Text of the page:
• 13.
    Ahmed, Ali
    et al.
    Växjö University, Sweden.
    Andersson, Lina
    Växjö University, Sweden.
    Hammarstedt, Mats
    Växjö University, Sweden.
    Can discrimination in the housing market be reduced by increasing the information about the applicants?2010In: Land Economics, ISSN 0023-7639, E-ISSN 1543-8325, Vol. 86, no 1, p. 79-90Article in journal (Refereed)
    Abstract [en]

    We investigate how increasing the information about applicants affects discrimination in the rental housing market. We let four fictitious applicants, two with typical Arab/Muslim names and two with typical Swedish names, use application letters containing different amounts of information to apply for apartments over the Internet in Sweden. The Arab/Muslim applicants received fewer responses from the landlords than did the Swedish applicants. All of the applicants gained by providing more information about themselves, but the amount of discrimination against the Arab/Muslim applicants remained unchanged, indicating that increasing the amount of information about the applicants will not reduce discrimination.

  • 14.
    Ahmed, Ali
    et al.
    Linnéuniversitet och Swedish Collegium for Advanced Study.
    Andersson, Lina
    Linnéuniversitet .
    Hammarstedt, Mats
    Linnéuniversitet .
    Diskriminering mot icke-heterosexuella i anställningssituationen2011Report (Other academic)
    Abstract [en]

    This paper presents the first field experiment on sexual orientation discrimination in the hiring process in the Swedish labor market. Job applications were sent to about 4,000 employers in 10 different occupations in Sweden. Gender and sexual orientation were randomly assigned to applications. The results show that sexual orientation discrimination exists in the Swedish labor market. The discrimination against gays and lesbian varies across different occupations and appears only in the private sector. The results also seem to suggest a new dimension of traditional gender roles; the gay applicant was discriminated against in typical male-dominated occupations whereas the lesbian applicant was discriminated against in typical female-dominated occupations. Thus, the results suggest that gays to some extent face the same obstacles on the labor market as heterosexual women.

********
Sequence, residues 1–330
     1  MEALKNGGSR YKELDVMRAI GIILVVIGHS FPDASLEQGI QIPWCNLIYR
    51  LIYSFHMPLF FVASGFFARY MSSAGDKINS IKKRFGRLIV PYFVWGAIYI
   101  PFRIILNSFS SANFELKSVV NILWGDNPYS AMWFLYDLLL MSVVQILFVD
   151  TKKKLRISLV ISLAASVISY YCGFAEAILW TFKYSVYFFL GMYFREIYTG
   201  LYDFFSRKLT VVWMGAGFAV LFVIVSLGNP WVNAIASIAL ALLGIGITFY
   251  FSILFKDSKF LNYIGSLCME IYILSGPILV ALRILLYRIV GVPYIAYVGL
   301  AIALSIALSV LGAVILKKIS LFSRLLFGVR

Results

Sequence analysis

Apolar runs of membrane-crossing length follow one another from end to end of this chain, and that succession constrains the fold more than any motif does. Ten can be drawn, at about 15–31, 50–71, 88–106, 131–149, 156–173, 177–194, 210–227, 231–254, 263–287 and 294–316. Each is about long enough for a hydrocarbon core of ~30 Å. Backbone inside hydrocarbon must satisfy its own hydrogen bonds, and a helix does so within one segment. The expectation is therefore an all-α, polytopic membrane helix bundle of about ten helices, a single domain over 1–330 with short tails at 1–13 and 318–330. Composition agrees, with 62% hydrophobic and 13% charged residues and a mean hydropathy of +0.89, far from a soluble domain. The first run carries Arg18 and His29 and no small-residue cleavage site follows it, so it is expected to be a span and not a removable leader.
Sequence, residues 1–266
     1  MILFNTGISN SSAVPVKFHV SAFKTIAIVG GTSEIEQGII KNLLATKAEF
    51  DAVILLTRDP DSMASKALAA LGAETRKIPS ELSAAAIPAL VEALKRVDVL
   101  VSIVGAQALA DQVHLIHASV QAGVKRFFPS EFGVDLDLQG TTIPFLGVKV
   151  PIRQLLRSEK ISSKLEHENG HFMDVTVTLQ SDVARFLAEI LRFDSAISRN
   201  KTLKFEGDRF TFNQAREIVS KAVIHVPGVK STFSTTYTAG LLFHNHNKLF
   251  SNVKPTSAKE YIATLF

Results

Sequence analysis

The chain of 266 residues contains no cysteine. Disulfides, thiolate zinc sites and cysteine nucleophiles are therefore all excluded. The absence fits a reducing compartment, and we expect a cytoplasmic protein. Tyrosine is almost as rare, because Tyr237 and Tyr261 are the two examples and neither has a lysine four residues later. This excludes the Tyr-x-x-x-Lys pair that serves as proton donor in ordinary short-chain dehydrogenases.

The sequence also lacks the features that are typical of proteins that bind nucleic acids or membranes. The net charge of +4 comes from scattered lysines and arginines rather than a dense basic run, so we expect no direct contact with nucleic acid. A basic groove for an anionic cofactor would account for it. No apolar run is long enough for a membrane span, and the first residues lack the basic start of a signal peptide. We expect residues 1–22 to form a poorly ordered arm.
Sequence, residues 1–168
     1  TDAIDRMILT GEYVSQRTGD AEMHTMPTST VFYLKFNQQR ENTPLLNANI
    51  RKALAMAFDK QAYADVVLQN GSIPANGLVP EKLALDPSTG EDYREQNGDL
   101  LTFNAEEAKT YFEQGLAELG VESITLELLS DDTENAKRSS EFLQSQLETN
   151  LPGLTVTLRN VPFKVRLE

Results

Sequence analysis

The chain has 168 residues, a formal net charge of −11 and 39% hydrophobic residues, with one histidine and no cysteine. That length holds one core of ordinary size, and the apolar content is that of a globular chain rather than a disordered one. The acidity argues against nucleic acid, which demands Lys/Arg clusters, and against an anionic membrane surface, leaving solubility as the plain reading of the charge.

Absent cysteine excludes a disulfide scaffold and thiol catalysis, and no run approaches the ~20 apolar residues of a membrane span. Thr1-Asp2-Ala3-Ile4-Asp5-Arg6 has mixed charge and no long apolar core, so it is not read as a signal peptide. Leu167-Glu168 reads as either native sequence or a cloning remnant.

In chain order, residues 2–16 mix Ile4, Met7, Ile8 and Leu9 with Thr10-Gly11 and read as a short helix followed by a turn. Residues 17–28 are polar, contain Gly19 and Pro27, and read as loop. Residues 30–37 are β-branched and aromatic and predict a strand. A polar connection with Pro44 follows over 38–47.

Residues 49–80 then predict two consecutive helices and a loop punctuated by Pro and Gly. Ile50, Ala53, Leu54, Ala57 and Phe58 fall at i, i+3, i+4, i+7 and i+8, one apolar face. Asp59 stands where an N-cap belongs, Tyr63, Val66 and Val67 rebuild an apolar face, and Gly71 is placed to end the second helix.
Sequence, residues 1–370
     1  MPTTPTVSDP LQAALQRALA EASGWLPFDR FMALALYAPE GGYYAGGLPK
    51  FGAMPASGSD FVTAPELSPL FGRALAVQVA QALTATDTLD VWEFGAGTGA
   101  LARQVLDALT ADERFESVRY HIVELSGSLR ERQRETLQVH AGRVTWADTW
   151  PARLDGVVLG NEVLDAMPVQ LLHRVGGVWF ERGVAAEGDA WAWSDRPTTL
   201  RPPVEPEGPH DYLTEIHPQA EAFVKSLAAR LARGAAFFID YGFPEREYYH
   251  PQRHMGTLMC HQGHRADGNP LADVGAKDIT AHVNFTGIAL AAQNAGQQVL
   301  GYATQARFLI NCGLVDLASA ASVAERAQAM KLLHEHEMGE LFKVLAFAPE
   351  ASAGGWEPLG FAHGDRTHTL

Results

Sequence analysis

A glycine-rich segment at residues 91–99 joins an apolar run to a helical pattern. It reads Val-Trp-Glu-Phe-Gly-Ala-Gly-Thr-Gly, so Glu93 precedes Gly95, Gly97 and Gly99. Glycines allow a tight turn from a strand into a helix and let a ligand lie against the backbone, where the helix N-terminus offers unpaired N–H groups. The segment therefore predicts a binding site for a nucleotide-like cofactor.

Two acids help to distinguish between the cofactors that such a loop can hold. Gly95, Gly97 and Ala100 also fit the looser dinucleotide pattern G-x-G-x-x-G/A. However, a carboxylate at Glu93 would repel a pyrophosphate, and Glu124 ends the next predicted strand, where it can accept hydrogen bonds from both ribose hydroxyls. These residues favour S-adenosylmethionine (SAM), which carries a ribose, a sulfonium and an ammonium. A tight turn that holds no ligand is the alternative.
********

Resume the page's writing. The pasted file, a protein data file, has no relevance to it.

• 15.
    Ahmed, Ali
    et al.
    Linnaeus University, Växjö, Sweden and Swedish Collegium for Advanced Study, Uppsala, Sweden.
    Andersson, Lina
    Linnaeus University, Växjö, Sweden.
    Hammarstedt, Mats
    Linnaeus University, Växjö, Sweden.
    Does age matter for employability? A field experiment on ageism in the Swedish labor market2012In: Applied Economics Letters, ISSN 1350-4851, E-ISSN 1466-4291, Vol. 19, no 4, p. 403-406Article in journal (Refereed)